Parkinsons Disease - TPD Claim Solicitors - Super Total Permanent DisabilityLAWYER HELPLINE: ☎ 1800 339 958
If you are unable to work because of Parkinsons Disease you may be able to make a TPD claim for a lump sum from the Total & Permanent Disablement insurance contained within your superannuation fund. There is no necessity for you to have been involved in an accident or to have suffered a work related injury to make a TPD claim. If you suffer from total and permanent disability, you may be able to make a TPD claim in addition to receiving your super early as a result of your condition. Our Parkinsons disease TPD solicitors can advise you in detail as to the requirements of a successful submission, they will prepare all relevant paperwork and will obtain full supporting documentation. Our TPD lawyers will give you advice on the likely success of your claim to a super fund, without further obligation. It costs nothing to use our advice service.
Our TPD claim solicitors use a risk free no win no fee arrangement.
Parkinsons - TPD
Parkinson’s disease is a disease of the nervous system. It is a progressive disorder that affects the way the body moves. It begins with a slight tremor in one or both hands. The tremor is described as a pill rolling tremor because of the way the tremor looks at rest. Another finding common in Parkinson’s disease is that of frozen movements or a slowing of the way a person moves. It can affect facial expressions and walking. Speech becomes slurred or difficult to understand.
The symptoms of Parkinson’s disease can be subtle in the beginning stages of the disease. The symptoms usually affect one side of the body more than the other. The main symptoms include a tremor of the hands or face, slow motion of the body so that you cannot initiate movements very well. You can have stiff or rigid muscles in any part of the body. It can limit the range of motion of the body in some cases. There are problems with balance and posture. You may have a stooped posture and a shuffling gait. Even automatic movements like blinking and smiling can become impaired. You can speak more rapidly or more softly than you had before the disease struck. You can repeat words or hesitate in your speech. As the disease progresses, you can develop Parkinsonian dementia, which can result in confusion and loss of memory.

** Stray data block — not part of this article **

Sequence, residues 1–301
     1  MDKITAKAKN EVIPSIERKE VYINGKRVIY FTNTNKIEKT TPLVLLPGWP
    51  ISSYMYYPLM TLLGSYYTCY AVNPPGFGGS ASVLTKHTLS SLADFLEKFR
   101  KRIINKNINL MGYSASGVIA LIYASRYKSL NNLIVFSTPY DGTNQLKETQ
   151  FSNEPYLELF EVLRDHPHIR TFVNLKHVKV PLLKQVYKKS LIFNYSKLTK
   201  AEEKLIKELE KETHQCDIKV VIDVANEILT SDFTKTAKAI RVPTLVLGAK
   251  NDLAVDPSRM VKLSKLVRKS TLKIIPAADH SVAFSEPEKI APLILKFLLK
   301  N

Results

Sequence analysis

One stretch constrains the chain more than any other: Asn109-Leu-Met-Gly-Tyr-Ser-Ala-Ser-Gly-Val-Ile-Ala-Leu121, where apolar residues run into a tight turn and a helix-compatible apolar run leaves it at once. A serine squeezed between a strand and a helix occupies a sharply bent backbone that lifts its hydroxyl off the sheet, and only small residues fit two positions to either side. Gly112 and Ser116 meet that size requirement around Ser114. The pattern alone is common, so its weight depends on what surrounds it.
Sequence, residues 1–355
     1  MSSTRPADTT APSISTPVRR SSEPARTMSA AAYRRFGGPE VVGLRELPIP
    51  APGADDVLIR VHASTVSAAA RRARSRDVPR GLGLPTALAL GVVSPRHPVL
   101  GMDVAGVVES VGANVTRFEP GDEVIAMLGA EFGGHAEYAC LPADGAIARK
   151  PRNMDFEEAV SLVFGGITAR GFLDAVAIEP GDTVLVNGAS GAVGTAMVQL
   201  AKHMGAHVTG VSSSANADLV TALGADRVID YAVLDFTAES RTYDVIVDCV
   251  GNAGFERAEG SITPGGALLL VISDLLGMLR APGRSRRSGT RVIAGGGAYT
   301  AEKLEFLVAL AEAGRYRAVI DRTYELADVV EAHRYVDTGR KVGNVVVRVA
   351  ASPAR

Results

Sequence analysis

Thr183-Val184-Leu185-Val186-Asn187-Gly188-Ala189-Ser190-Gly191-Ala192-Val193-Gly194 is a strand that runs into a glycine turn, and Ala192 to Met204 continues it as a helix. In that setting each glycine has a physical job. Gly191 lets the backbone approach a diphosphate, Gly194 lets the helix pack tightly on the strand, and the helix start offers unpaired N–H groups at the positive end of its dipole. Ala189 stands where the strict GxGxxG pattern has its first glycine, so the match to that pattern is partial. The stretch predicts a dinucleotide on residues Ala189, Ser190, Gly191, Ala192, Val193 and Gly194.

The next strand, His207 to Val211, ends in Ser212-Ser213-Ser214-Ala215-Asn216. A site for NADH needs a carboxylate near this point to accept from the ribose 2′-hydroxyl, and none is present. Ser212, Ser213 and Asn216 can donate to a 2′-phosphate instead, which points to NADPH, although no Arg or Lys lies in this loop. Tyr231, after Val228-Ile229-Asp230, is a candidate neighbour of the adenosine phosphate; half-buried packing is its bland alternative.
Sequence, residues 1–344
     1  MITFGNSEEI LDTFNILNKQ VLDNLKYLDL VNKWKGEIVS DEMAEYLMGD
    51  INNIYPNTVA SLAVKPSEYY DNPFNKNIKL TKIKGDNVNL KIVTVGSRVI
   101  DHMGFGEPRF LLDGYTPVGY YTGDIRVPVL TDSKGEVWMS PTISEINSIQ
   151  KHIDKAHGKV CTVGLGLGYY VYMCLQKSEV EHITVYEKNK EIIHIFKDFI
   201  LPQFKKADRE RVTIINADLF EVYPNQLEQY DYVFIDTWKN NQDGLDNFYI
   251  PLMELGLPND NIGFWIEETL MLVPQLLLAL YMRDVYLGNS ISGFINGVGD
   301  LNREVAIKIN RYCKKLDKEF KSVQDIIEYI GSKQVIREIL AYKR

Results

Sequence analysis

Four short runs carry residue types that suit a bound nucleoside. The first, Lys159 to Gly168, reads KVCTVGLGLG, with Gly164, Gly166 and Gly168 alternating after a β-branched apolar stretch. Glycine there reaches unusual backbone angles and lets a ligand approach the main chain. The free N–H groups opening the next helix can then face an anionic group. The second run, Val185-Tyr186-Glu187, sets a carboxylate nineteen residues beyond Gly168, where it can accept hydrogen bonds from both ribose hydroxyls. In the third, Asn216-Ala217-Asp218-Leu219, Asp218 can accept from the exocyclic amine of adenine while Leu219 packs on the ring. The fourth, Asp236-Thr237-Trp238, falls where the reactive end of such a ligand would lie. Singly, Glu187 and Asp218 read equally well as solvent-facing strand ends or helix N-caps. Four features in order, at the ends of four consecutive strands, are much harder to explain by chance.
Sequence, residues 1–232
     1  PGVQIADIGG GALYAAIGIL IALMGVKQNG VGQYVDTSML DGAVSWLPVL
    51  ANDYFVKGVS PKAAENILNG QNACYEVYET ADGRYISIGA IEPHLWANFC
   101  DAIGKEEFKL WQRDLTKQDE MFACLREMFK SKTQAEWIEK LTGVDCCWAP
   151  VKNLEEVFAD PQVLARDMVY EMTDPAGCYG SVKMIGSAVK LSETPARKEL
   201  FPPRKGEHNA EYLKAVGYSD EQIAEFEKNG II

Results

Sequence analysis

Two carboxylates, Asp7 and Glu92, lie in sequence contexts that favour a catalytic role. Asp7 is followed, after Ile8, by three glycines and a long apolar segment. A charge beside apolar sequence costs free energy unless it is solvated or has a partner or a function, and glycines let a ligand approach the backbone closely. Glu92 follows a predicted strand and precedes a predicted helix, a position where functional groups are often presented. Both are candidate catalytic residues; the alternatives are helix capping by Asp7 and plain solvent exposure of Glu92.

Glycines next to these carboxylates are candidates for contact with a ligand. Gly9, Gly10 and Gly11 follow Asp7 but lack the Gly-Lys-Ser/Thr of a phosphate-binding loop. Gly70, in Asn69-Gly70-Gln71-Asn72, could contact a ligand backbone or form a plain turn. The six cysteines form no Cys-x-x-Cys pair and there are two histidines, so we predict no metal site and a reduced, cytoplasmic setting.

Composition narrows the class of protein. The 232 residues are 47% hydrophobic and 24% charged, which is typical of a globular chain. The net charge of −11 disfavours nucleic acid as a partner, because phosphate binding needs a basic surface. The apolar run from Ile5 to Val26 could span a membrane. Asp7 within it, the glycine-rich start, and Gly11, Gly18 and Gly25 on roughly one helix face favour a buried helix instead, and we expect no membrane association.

Risk factors for Parkinson’s disease include genetic factors. There have been genetic mutations found that contribute to getting Parkinson’s disease. Environmental triggers, including toxins or viruses may relate to getting Parkinson’s disease.
There are brain changes noted with Parkinson’s disease, such as low dopamine levels in the brain, low norepinephrine levels and the presence of protein clumps called Lewy bodies found in the brains of those with Parkinson’s disease. No one knows how the Lewy bodies get into the brains of these individuals.
Other risk factors for Parkinson’s disease include age as it affects people of older age primarily. It is also somewhat hereditary with a 4-6 percent increased risk of getting the disease if you have a first degree relative with Parkinson’s disease. Men are more likely to succumb to the disease when compared to women. Those who have had significant exposure to pesticides and herbicides have an increased risk of getting Parkinson’s disease.
There are no specific tests for Parkinson’s disease and it can be difficult to diagnose in its earliest stages. There are drugs whose side effects can mimic Parkinson’s disease, especially antipsychotics. Head trauma and toxins can look like Parkinson’s disease. A complete history and physical examination can show the presence of the disease. Doctors will ask about medications and exposures and will do a complete neurological examination. You need at least two cardinal symptoms of Parkinson’s disease, including muscle rigidity, tremor and slowing of motion in order to diagnose the disease and there is often onset on one side of the body. Tremor is seen more obviously at rest and medications for Parkinson’s disease can help the symptoms.
While there isn’t any cure for Parkinson’s disease, medications do manage many of its symptoms. The primary medications used are those that increase the dopamine in the system. Sinemet and L-dopa/carbidopa are used to replace lost dopamine in the brain. L-dopa or levodopa is always taken with another medication to prevent the medication from affecting the body so that it only affects the brain. There are also dopamine agonists that mimic dopamine in the brain. These include Mirapex and Requip. There are also injectable forms of dopamine agonists that work quickly to resolve symptoms. Side effects of dopamine agonists include hallucinations, water retention, sleepiness and low blood pressure upon standing. Impulsive behaviour can be enhanced with these medications.